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Spotlight Series on Hepatitis C

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Hepatitis C FAQs for Health Professionals

May 31, 2015

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Table of Contents


Overview and Statistics

What is the case definition for acute Hepatitis C?

Because the clinical characteristics are similar for all types of acute viral hepatitis, the specific viral cause of illness cannot be determined solely on the basis of signs, symptoms, history, or current risk factors, but must be verified by specific serologic testing. For specific serologic tests required to meet the case definition, see the following link:

What is the case definition for chronic Hepatitis C?

Laboratory testing is required for confirmation of the etiologic cause of viral hepatitis. For specific serologic tests, see the following link:

Is additional guidance on viral hepatitis case determination and surveillance available?

Yes. See the Guidelines for Viral Hepatitis Surveillance and Case Management, available at /hepatitis/SurveillanceGuidlines.htm.

What is the incidence of HCV infection in the United States?

The number of acute cases of hepatitis C reported in the US increased from, 1,778 in 2012 to 2,138 in 2013. The CDC estimates approximately 29,718 cases occurred in 2013, after adjusting for asymptomatic infection and underreporting.

What is the prevalence of chronic HCV infection in the United States?

Approximately 2.7 million persons in the United States have chronic HCV infection. Infection is most prevalent among those born during 1945-1965, the majority of whom were likely infected during the 1970s and 1980s when rates were highest.

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Who is at risk for HCV infection?

The following persons are at known to be at increased risk for HCV infection:

  • Current or former injection drug users, including those who injected only once many years ago
  • Recipients of clotting factor concentrates made before 1987, when more advanced methods for manufacturing those products were developed
  • Recipients of blood transfusions or solid organ transplants before July 1992, when better testing of blood donors became available
  • Chronic hemodialysis patients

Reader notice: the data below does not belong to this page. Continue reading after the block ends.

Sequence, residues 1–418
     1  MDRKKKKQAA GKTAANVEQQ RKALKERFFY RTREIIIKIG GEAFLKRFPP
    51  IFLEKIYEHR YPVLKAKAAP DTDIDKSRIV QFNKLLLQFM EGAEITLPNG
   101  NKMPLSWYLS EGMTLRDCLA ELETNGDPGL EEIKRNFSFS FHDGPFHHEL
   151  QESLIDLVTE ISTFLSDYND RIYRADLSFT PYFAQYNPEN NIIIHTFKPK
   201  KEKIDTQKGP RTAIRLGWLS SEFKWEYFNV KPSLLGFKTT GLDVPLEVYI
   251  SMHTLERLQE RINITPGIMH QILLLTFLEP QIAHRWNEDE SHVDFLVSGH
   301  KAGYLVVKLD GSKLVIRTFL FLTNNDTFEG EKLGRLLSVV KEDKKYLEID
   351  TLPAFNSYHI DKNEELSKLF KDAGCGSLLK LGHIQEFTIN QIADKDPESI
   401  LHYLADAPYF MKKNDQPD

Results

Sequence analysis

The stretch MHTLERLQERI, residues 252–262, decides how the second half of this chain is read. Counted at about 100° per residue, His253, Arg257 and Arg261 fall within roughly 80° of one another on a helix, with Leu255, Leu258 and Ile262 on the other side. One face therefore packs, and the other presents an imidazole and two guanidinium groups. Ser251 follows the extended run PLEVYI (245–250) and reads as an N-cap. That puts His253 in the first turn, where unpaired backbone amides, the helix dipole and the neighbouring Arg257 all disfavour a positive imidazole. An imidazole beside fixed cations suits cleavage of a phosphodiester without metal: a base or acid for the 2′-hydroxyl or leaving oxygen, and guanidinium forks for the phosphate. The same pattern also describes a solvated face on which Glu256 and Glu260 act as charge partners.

• Persons with known exposures to HCV, such as
    • health care workers after needlesticks involving HCV-positive blood
    • recipients of blood or organs from a donor who tested HCV-positive
  • Persons with HIV infection
  • Children born to HCV-positive mothers

Is it possible for someone to become infected with HCV and then spontaneously clear the infection?

Yes. Approximately 15%-25% of persons clear the virus from their bodies without treatment and do not develop chronic infection; the reasons for this are not well known.

How likely is HCV infection to become chronic?

HCV infection becomes chronic in approximately 75%-85% of cases.

Why do most persons remain chronically infected with HCV?

A person infected with HCV mounts an immune response to the virus, but replication of the virus during infection can result in changes that evade the immune response. This may explain how the virus establishes and maintains chronic infection.

What are the chances of someone developing chronic HCV infection, chronic liver disease, cirrhosis, or liver cancer or dying as a result of Hepatitis C?

Of every 100 persons infected with HCV, approximately

  • 75-85 will go on to develop chronic infection
  • 60-70 will go on to develop chronic liver disease
  • 5-20 will go on to develop cirrhosis over a period of 20-30 years
  • 1-5 will die from the consequences of chronic infection (liver cancer or cirrhosis)

Can persons become infected with a different strain of HCV after they have cleared the initial infection?

Yes. Prior infection with HCV does not protect against later infection with the same or different genotypes of the virus. This is because persons infected with HCV typically have an ineffective immune response due to changes in the virus during infection. For the same reason, no effective pre- or postexposure prophylaxis (i.e., immune globulin) is available.

Is Hepatitis C a common cause for liver transplantation?

Yes. Chronic HCV infection is the leading indication for liver transplants in the United States.

How many deaths can be attributed to chronic HCV infection?

A recent CDC analysis of death certificate data found that HCV-attributable deaths increased significantly between 1999 and 2007. CDC estimates that there were 15,106 deaths caused by HCV in 2007. The citation can be found at "The increasing burden of mortality from viral hepatitis in the United States between 1999 and 2007." Ly, K., et al. Annals Of Internal Medicine, 2012. 156(4): p. 271-278

Is there a Hepatitis C vaccine?

No vaccine for Hepatitis C is available. Research into the development of a vaccine is under way.

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This article was provided by U.S. Centers for Disease Control and Prevention. Visit the CDC's website to find out more about their activities, publications and services.

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